Collective confinement

November 17th, 2011

I’ve never travelled anywhere exciting. I’ve never left North America. I haven’t experienced 39 states of the union. I haven’t touched the salty Pacific or seen a real, honest-to-God mountain. Many find this peculiar since I exude an adventurous spirit, constantly talking about running away, seeing the world, and escaping the constraints of civilization or, at the very least, the obligations of my life.

Most often, I try to make up for the lack of geographical displacement and cultural adventure in my life by doing crazy or intense things. Almost entirely this materializes in something running related. I usually end up challenging myself (at least subconsciously) to something no one but I will witness being completed.

This Saturday, cross country season ended. On Sunday I decided to do an easy seven miles to shake out the previous day’s race. That seven miles turned into nearly 17. Two hours, four minutes and 25 seconds by myself. I would have preferred to have been among the mountains on some forgotten strip of trampled dirt, the thin air causing laborious breaths but sweeter than those of half the trouble in a sea level city. But, the silence of Sunday night suburbia brought more solace than I would expect.

The streets of Cleveland Heights are filled with some incredible houses. Not very far away from the mansions on and north of Fairmount Boulevard are the less fortunate neighborhoods of East Cleveland. In both areas, houses represent more than just dwelling places. Their collective presence makes a community. On an individual level, they are the places of families. Houses solve the problems of exposure to unwanted people and unwelcome natural elements. Though they are an answer, on Sunday night to the outsider trotting down the street, their security and permanence raised more questions. Though neighborhoods are such a common thing, there is much that is unanswerable about them.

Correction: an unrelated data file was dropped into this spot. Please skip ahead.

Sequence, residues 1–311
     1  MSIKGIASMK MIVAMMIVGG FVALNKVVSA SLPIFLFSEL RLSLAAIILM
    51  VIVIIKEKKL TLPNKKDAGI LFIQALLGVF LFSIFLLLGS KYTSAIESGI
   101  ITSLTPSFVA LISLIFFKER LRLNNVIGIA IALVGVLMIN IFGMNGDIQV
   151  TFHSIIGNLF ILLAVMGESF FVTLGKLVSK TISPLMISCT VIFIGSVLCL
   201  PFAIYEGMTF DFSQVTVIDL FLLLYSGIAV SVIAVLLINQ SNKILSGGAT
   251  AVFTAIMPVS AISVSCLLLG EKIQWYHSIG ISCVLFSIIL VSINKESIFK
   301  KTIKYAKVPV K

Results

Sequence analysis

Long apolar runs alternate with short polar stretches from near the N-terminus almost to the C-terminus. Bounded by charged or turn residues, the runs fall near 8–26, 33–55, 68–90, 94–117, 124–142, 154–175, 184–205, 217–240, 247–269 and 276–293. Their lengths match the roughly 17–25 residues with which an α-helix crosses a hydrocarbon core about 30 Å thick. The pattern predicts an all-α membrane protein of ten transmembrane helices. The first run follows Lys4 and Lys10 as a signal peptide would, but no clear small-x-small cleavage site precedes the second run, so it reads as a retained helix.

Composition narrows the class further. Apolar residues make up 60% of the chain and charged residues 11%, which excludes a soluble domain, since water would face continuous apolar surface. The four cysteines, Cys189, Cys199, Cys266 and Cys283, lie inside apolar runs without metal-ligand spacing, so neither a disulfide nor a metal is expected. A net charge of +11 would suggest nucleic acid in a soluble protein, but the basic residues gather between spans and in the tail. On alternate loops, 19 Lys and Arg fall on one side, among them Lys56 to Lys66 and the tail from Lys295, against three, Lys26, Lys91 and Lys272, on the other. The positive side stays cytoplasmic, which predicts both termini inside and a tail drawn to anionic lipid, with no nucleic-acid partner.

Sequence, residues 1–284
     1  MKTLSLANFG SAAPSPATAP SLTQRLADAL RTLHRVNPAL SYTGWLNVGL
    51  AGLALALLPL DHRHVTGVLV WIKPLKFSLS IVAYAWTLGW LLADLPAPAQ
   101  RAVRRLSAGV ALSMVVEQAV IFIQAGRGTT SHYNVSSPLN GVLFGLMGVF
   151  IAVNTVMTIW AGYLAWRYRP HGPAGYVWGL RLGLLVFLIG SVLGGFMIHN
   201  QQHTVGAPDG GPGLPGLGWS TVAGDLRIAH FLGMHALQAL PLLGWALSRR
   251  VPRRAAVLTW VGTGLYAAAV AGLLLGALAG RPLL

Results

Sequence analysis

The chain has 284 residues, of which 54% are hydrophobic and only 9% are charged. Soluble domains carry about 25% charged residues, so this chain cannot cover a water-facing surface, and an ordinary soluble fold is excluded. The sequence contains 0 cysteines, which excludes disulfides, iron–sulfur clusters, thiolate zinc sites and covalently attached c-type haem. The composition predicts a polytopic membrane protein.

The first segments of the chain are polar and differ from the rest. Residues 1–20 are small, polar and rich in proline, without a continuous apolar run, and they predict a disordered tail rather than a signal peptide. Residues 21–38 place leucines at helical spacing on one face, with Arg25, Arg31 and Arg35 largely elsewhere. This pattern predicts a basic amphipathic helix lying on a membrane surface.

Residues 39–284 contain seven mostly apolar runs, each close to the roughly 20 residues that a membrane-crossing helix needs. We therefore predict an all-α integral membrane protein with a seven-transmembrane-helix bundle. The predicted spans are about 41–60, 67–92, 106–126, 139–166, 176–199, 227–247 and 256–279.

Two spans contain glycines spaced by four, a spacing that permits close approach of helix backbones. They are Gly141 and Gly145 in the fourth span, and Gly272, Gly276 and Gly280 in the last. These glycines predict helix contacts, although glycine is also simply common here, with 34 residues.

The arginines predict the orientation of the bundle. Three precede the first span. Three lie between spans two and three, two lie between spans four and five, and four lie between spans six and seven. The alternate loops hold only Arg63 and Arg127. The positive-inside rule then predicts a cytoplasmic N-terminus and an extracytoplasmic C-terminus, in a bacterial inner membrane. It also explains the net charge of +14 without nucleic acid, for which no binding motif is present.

An unexpected feeling of diffidence came over me as I passed house after house. The physical and financial comfort the prosperous homes emanated brought a feeling of insecurity that comes with the realization of an unsure future.

Sometimes the mundane seems incredibly unachievable. Most of the time I’m just trying to figure out what I’m going to do in the next 10 hours. Owning a house is one of those landmarks in one’s life. It’s something most people aspire to do and it shows they’ve reached a landmark of stability. The life college students live is very temporary and though we are more independent than we were for the first 17 or 18 years of our lives, our decisions are usually made easier by the structure of campus life. The world seems to be coming so fast. We are left to fend largely for ourselves.

Where do we go from here? How do we become that comfortable middle to upper middle class family like the ones that seem so happy strolling with their children on Saturday afternoons? Which of us will be forced into lower class neighborhoods, struggling to get by?

In the words of Lord Byron, “There is pleasure in the pathless woods, /There is a rapture on the lonely shore, /There is society, where none intrudes, /By the deep sea, and music in its roar: /I love not man the less, but Nature more, …” Everything is simplified in nature. There is hardly  ever injustice in the “wild” and though the functioning of ecosystems is complex, everything is reduced to simple forms. Because of the uniform material necessities of all organisms, living conditions are equal; it all makes sense. Though nature is much more awe-inspiring, civilization is indubitably more fascinating because of its peculiarity.

Perhaps to experience adventure we don’t need to see the great monuments or exotic locales of the world. Almost equally moving experiences can be found if one becomes locally separated from the immediate environment and is able to realize and question the intricacies of our conventional habitat.